So I'm reading one of the Belisarius books (alternate military-history set during the Byzantine era) and during a scene set in Babylon attention is drawn to the (remains of) the Ishtar Gate. And I stopped and hit the books (rather, hit Wikipedia) to confirm. I've seen the Ishtar Gate. It was reconstructed from salvaged bricks and historic descriptions in the early 20th century and it is at the Pergamon in Berlin and I'd stood within in it. And is pretty durn spectacular, too.
Today I was listening to The Ancient World and was reminded that king Croesus (yes, the "...as rich as..." himself), was the person who had famously been assured by the Oracle in the most Delphic prophesy ever that if he went to war, "A great empire would be destroyed." You probably could have seen that coming, since his opponent on the battlefield was Cyrus of Persia. Yes, that Cyrus, himself prophesied to usurp a king and hidden away as a child (no reed basket for him, though). The man who had saved the child from royal murder, Harpagus, was punished with the death of his own child. But he bid his time well, rose to become an important general in Astyages' forces, and at the right moment took his revenge (not coincidentally handing Cyrus the start of his empire).
The big battle of these two forces was also the one where wily Cyrus put camels at the front of his forces, whose strange smell and presence spooked the horses of Croesus' calvary. Croesus died crying out the name of Solon of Athens, Solon the Lawgiver, who had long ago cautioned Croesus that it was premature for him, or for any man not yet dead, to be described as the happiest man in the world.
Of course this is smack in the middle of Herodotus' favorite feeding grounds, and the rise of Athens, Sparta, and soon enough the Homeric poets. Xenophon wrote of these battles, too. So no wonder a whole bunch of familiar stories are gathered in one place.
(Cyrus also got in a dig that outdid the Laconians in being laconic. The fairly young polis threatened the rising empire-builder with a, "Do not put your eyes towards these territories or you will have to face the Spartans." Cyrus replied by gesturing for his interpreter and local guide, "The who?") It took Sparta a generation to recover from that insult...which they did at a little place called the "Hot Gates." But by that time Cyrus was gone.)
In any case.
I'm still pondering how to write an archaeological adventure story. Fiction based on real archaeology has been done (particular mention here of the Samantha Sutton stories for young readers). Historical fiction also has its attractions (one of the podcasts I follow reviews and discusses in depth the archaeology and anthropology underlying novels set in prehistoric times).
There's even a weird excuse I've only seen employed in basically scientific fantasies of a Victorian setting: to be only restricted to that which was known in the period being described. That is; a story set before the Michelson-Morley experiment can have the luminiferous aether as part of the underlying science. One set before Mariner might have canals on Mars. I've never seen anyone use that excuse to set a story in the time of Pliny the Elder in which there is indeed a land where men have their heads in their torsos, though!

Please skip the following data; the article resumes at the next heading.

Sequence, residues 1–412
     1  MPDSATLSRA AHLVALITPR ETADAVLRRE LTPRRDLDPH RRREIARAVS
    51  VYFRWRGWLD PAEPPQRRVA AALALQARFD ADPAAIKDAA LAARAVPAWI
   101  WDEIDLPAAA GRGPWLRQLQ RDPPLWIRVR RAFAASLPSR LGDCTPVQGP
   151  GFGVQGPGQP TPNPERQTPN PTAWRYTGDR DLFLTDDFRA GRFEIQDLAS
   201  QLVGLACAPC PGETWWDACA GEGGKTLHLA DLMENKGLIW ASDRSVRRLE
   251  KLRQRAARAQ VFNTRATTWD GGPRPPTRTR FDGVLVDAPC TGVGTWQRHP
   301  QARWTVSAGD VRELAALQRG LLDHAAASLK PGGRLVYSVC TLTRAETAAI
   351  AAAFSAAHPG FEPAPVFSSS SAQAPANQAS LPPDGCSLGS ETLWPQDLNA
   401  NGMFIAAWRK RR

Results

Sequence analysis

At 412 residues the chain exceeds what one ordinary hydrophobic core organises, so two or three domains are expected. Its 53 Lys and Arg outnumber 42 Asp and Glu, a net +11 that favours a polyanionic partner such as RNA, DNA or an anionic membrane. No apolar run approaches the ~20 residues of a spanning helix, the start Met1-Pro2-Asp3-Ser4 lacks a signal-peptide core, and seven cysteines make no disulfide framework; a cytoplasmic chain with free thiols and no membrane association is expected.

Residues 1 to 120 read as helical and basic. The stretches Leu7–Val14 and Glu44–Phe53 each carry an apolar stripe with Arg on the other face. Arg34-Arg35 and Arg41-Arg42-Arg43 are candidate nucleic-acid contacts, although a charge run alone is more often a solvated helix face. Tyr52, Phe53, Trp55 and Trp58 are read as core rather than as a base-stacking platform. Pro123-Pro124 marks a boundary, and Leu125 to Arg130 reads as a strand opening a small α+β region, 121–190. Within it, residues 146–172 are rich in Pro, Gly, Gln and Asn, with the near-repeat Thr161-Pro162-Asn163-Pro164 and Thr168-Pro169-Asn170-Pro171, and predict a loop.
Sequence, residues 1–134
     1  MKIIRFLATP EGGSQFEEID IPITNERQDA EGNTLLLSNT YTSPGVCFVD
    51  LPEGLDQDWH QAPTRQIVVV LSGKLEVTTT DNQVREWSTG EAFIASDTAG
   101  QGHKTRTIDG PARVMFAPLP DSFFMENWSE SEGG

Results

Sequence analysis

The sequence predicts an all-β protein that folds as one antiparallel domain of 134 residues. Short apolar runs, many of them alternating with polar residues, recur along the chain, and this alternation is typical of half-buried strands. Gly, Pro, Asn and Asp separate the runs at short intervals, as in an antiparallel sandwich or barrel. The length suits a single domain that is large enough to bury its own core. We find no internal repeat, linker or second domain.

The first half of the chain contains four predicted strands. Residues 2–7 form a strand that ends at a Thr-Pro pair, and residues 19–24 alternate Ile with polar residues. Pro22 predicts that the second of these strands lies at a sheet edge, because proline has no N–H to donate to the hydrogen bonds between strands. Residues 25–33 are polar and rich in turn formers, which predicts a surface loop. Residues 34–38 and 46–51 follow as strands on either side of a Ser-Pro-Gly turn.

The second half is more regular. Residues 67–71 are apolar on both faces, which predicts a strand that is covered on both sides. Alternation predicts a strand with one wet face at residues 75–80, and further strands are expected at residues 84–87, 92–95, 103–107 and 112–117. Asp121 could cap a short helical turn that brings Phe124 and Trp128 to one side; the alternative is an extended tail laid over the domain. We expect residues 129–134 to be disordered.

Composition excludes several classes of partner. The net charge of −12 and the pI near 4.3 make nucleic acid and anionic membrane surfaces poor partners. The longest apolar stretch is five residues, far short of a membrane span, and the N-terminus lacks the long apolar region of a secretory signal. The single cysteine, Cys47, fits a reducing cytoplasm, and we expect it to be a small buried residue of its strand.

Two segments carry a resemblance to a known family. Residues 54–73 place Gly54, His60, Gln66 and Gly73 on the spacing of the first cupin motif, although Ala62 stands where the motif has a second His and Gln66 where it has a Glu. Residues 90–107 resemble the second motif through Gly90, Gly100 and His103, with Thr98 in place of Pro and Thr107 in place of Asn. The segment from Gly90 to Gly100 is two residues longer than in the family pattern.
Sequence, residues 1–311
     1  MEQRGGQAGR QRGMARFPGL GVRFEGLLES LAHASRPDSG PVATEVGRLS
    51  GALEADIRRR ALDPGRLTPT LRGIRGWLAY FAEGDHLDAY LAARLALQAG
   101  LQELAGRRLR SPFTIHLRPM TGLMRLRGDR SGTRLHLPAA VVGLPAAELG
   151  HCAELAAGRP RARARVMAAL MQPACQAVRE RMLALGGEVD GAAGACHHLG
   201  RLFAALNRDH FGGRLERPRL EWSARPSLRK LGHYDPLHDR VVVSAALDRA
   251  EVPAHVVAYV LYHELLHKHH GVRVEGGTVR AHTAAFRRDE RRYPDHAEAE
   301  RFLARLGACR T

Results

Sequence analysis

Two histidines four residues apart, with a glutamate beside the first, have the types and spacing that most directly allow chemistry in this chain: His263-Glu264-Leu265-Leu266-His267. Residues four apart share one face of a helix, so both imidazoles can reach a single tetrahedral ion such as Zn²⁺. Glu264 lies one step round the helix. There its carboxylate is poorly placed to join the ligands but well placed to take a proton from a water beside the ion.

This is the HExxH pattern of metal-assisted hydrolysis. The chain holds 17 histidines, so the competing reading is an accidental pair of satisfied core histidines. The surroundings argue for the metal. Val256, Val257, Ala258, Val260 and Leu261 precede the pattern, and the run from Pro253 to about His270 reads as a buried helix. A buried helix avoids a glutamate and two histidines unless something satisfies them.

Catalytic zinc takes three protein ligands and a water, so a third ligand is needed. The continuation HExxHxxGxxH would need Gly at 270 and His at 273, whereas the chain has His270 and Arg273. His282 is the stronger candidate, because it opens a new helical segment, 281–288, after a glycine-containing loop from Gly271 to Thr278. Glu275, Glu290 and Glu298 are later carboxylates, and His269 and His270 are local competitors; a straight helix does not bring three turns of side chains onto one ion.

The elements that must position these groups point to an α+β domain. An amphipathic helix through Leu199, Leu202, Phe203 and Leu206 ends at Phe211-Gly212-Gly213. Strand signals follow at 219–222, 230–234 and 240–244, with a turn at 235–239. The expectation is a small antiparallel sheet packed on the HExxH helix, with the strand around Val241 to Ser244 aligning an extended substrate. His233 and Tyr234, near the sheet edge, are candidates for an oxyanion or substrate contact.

It is a fancy worthy of further contemplation, however. Set a story in the heady years when Archaeology is just starting to develop as a science out of Antiquarianism, and the difference between myths and verified histories has yet to be largely disentangled. In such a world, your hero archaeologist would be less professionally condemned for acting like a genre Tomb Raider, and there might indeed be surprising new civilizations to be discovered. After all, in a time when the biblical Flood is still a matter for professional discussion, Atlantis is a relatively sane conception.
About all I've managed towards a modern-day setting is having the skeptical academically-trained protagonist in the hire of a credulous but filthy rich sponsor. Sponsor sends him to look for a Bosnian Pyramid or Mu Stone or whatever, but whilst on this fruitless search he stumbles into something a lot more interesting.
Thinking about it again, the idea of mysteries unveiled is important. An even better way of looking at it might be secret truths; that what gets discovered is fresh and surprising. There's a hint here of the joys of insider knowledge. The reader wants to share the vicarious pleasure of knowing something the rest of the world doesn't. And it can't be too trivial, or too obscure. Not as much fun finding out a secret about an obscure early Roman playwright -- you want the subject of the revelation to be at least on the scale of a Christopher Marlowe.
I would put in the requirement that the mystery driving a genre adventure needs to be important enough to someone for violence to be offered. But that, sadly, seems all too low a bar. You can get attacked with murderous intent just for wearing the wrong t-shirt. Although I find it a little hard to imagine the person who would resort to murder to cover up the real authorship of Shakespeare's plays.
A last odd bit to throw into the mix. In the back of my head for a couple decades has been the idea of something known to ancient peoples that takes on a new importance in the modern age. Say, a long-term comet of potential threat and the chance that Mayan astronomers had recorded the last pass in sufficient detail to work out the ephemeris. The thought is still largely unformed; the above is not necessarily a good example.
(Actually, Greg Bear did something a bit along the line I think I'm thinking, with a modern physicist investigating a rare bit of physics (a macro-scale object that behaves like a subatomic particle) early Mycenaeans had previously encountered.))